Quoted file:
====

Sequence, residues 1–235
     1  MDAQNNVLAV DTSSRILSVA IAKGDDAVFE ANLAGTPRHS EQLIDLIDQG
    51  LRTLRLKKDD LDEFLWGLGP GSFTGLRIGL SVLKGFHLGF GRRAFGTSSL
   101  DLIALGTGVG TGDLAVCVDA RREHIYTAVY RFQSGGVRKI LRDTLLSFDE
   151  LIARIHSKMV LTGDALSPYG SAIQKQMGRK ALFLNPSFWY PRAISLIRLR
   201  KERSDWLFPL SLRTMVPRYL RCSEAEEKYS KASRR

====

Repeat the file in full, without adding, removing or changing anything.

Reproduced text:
Sequence, residues 1–235
     1  MDAQNNVLAV DTSSRILSVA IAKGDDAVFE ANLAGTPRHS EQLIDLIDQG
    51  LRTLRLKKDD LDEFLWGLGP GSFTGLRIGL SVLKGFHLGF GRRAFGTSSL
   101  DLIALGTGVG TGDLAVCVDA RREHIYTAVY RFQSGGVRKI LRDTLLSFDE
   151  LIARIHSKMV LTGDALSPYG SAIQKQMGRK ALFLNPSFWY PRAISLIRLR
   201  KERSDWLFPL SLRTMVPRYL RCSEAEEKYS KASRR